George Harrison, guitarist for the Beatles was a Bhakti Hindu. He believed in a personal god, and he said that if one chants the mantras with devotion, Lord Krishna would visibly appear and speak to him in an audible voice. Many pagans are similarly convinced of having met their deities too. For example, a cat fancier in Texas insists he began worshiping Bast only after the Egyptian goddess dramatically appeared physically manifest, having personally chosen him to become her disciple. The Chinese religion is a mixture of Confucianism, Taoism, Buddhism, polytheism and ancestor worship. Devotees of this blend of traditions are capable of remarkable feats of faith, and many of them claim direct communication with their gods and spirits as well. All of these different believers, and some Buddhists too, talk about their spiritual rebirth once they accept whichever deity into their lives. Every religion boasts their own miracles and prophecies proving theirs is the truest faith. So its no surprise that Christians say the same things about their versions of God too. No religion is significantly different from any other in this respect. But whatever else may be going on, when men claim revelation from God, it usually means is that they’ve decided to promote their own biased and unsubstantiated opinions as if they were divinely inspired. So its not like any “one true god” is really guiding all these people they way they all insist he/she/they, or it is.
If any god exists, and it happens that there’s only one of them, then surely every spiritually enlightened and visionary holy man from any nation or tribe should be able to sense it, if men can sense such things at all. And their scribes would write the scrolls seeking to make sense of it –however feeble an attempt that may be. Perhaps that’s why there are so many different religions; because no man can know the true state of God. There can only be one truth, and only one version of it. But rather than coming together, as everyone’s search for the one truth should, religions continuously shard further and further apart into more divided factions with mutually-exclusive beliefs, -and there are as many wrong interpretations as there people claiming theirs as the “absolute truth”. Which brings us to the third foundational falsehood of creationism; the assertion that any human’s understanding of their various internally-conflicting and inter-contradictory beliefs should, -or even could- be considered infallible or inerrently accurate.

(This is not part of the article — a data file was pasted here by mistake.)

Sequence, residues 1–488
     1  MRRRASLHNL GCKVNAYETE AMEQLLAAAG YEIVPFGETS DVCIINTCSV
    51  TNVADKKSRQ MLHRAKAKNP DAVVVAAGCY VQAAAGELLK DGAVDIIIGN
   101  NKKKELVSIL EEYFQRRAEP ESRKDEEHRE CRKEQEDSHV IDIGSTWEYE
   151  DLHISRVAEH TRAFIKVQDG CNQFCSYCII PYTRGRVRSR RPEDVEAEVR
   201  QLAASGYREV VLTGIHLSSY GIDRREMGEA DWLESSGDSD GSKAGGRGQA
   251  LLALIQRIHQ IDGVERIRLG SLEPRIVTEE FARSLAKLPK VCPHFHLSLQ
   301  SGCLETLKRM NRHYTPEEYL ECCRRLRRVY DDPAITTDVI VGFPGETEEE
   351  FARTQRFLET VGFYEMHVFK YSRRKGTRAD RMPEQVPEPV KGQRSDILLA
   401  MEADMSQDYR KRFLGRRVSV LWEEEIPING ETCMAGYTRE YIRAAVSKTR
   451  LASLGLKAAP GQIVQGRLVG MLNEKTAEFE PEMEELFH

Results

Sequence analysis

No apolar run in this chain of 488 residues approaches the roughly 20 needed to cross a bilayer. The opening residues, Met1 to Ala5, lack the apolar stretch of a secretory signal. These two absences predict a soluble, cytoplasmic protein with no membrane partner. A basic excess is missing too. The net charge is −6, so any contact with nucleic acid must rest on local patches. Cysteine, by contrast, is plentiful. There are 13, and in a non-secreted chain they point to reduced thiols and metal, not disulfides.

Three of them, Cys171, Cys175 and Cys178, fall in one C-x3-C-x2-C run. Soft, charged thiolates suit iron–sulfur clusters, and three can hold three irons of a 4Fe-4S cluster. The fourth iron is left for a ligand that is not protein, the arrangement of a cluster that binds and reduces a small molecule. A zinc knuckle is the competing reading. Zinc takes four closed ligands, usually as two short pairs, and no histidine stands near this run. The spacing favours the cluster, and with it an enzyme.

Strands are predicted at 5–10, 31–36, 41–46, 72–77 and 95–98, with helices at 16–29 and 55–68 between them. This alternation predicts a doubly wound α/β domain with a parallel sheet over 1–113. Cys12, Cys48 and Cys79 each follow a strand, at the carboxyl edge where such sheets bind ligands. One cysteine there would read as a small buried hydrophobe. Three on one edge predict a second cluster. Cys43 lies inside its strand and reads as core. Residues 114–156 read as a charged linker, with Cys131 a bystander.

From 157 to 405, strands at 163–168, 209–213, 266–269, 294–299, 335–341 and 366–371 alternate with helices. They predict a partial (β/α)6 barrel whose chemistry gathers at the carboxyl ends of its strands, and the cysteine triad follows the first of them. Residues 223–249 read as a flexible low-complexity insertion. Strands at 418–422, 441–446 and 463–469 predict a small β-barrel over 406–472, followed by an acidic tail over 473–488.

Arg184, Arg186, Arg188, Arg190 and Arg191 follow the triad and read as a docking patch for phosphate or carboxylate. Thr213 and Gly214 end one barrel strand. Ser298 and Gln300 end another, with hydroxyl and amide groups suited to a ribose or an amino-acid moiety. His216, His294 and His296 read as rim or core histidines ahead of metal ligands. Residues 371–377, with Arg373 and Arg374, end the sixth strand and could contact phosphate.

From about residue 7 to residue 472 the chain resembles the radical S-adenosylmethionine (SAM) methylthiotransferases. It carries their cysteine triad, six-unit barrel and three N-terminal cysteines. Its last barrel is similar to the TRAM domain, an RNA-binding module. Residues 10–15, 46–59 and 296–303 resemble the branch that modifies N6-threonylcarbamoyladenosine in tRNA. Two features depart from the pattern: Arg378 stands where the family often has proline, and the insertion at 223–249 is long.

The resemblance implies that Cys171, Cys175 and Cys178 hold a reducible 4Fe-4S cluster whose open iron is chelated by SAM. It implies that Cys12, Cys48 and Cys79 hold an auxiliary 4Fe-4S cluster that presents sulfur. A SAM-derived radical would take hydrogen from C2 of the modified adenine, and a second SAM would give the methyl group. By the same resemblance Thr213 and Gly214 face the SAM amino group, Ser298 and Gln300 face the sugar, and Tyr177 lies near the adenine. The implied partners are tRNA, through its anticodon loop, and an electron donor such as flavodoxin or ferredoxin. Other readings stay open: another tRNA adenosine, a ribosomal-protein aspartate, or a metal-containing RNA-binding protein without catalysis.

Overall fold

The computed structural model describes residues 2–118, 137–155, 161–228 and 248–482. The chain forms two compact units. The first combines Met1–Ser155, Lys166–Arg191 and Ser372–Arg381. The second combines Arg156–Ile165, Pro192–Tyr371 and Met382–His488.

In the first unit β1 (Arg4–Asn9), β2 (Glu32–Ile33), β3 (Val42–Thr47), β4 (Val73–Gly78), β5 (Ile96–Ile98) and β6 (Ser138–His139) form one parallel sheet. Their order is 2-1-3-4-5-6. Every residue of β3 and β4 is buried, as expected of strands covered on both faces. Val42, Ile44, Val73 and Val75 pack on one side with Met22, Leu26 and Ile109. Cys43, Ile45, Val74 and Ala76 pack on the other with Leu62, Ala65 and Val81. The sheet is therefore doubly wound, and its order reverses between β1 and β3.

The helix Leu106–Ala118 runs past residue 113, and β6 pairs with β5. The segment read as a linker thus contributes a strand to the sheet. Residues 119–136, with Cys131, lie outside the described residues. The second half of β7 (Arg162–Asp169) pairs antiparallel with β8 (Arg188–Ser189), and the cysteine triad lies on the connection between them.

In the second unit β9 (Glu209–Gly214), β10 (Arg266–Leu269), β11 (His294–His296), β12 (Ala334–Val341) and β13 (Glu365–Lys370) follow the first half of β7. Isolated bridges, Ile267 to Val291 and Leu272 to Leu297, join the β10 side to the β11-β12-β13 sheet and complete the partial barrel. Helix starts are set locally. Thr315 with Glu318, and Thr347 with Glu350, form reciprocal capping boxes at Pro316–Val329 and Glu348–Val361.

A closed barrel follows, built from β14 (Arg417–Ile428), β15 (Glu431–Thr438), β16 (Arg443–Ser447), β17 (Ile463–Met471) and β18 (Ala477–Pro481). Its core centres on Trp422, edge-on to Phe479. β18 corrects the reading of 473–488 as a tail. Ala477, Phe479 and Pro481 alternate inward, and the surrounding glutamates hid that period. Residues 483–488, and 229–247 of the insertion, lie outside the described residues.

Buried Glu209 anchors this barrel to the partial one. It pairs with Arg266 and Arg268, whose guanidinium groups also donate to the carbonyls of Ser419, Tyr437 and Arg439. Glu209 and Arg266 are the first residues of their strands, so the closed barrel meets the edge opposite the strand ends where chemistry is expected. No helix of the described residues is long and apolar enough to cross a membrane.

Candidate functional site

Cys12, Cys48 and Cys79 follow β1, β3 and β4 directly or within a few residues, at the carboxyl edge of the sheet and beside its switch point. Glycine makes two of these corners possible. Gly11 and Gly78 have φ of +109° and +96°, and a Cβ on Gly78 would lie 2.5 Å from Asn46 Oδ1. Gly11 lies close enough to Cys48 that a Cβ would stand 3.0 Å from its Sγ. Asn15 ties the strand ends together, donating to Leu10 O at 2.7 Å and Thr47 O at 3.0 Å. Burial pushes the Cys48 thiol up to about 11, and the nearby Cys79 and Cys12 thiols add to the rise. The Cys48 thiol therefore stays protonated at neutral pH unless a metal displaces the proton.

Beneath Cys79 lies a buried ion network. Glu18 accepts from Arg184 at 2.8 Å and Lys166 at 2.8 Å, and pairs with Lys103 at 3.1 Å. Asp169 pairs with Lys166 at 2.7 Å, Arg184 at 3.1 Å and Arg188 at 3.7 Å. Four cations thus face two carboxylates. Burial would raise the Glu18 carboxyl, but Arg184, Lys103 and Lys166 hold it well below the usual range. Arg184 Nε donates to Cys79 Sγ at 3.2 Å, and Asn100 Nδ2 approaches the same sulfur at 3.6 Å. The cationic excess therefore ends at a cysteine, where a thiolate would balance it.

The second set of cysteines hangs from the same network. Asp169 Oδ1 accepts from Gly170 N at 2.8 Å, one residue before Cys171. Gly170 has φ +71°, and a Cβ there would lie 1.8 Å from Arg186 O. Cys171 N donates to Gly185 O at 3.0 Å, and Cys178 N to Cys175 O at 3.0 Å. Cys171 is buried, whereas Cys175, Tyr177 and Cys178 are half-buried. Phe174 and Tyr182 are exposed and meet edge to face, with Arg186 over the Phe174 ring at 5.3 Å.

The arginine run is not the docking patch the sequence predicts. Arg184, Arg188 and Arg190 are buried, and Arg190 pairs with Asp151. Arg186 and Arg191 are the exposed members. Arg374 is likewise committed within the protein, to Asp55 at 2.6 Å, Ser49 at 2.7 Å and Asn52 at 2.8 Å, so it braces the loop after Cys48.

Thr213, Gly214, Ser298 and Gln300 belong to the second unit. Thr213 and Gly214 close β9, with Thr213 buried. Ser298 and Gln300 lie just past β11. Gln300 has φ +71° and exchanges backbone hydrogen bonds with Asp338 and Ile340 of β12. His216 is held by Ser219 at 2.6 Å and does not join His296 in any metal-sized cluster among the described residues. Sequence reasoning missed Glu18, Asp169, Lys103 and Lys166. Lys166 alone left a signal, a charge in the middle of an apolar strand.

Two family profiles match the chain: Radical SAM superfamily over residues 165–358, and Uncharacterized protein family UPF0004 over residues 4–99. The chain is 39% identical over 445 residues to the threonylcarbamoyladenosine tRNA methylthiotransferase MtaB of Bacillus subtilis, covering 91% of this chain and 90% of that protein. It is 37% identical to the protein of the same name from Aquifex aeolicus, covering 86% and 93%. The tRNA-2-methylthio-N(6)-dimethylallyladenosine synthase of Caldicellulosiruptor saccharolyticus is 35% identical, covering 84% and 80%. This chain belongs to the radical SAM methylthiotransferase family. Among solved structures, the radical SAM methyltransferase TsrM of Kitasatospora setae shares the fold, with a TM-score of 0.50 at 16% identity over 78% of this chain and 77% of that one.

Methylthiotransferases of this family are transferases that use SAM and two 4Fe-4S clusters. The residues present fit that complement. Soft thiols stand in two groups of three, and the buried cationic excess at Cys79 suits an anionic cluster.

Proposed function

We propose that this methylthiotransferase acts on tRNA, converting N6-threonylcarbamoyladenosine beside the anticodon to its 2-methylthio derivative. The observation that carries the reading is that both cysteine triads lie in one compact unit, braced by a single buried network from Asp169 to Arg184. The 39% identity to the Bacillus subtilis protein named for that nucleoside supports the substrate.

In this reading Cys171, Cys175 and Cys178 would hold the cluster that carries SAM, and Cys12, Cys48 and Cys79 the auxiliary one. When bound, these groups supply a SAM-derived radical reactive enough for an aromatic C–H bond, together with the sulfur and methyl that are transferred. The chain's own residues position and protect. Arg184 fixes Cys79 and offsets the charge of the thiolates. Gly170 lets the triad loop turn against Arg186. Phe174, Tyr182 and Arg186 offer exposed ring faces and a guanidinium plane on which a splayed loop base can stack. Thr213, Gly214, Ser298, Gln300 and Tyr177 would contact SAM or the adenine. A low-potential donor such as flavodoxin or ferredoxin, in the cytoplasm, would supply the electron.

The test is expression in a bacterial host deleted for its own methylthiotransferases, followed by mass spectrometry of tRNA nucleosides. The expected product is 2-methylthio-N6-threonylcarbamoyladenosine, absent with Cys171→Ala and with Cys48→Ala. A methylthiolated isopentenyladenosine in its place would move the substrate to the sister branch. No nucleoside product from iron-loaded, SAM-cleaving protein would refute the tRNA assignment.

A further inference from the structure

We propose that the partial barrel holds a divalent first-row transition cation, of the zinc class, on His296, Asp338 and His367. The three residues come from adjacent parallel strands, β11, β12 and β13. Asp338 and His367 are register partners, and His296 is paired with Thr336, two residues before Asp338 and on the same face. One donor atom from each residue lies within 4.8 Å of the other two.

In reality, there is no such thing as “absolute truth”. Everything within the capacity of human understanding contains a degree of error, and everything men know to be true is only true to a degree. Everyone is inevitably wrong about something somewhere. We don’t know everything about everything. We don’t know everything about anything! And what we do know, we don’t know accurately on all points nor completely in every detail. Honest men admit this. Anyone claiming to know the absolute truth is not being honest, especially not when they claim to know anything about things which can only be believed on faith. Even if men were given genuine revelations by truly omniscient beings, they must still be filtered and interpreted by weaker minds influenced by our limitations, biases, and misimpressions, as well as linguistic and cultural barriers.
If the Bible is interpreted literally, then it is clear that its authors believed that the world was a flat disc, which was originally said to be covered by a giant crystal dome. It was a common belief at the time in all the neighboring regions. But it was still wrong. The Biblical authors obviously knew nothing about the real state of this world nor the worlds beyond this one either. But we know what lies outside our atmosphere. And that proves that there is no water above where the firmament isn’t, and no windows to let it drain in -if there was either water or firmament there.
We also know that the Earth with its fictitious firmament didn’t predate the “lights in the heavens” by any amount of time, and that the stars weren’t “set” specifically to light the Earth; because the Earth is not at the center, -or the beginning- of the universe in any respect. The way the Bible depicts the Earth in relation to the rest of the universe is wrong and has been known to be wrong for thousands of years.
Many creationists say that it is impossible to understand or believe the Bible unless it is read “in the spirit of the holy ghost”. In other words, you must already assume its truth before you read it, and you have to read it through filters of faith because it certainly isn’t compelling on its own without those blinders on. If it doesn’t make sense, then you’ve got to convince yourself that you must not understand it properly, and you’ve just got to try to make yourself believe it anyway somehow. That is precisely why creationist faith is deemed ‘dogmatic’. But that’s also proof by admission that even a literal reading must be “interpreted”. So its very design is such that the Bible can not be either inerrant or “absolute truth”.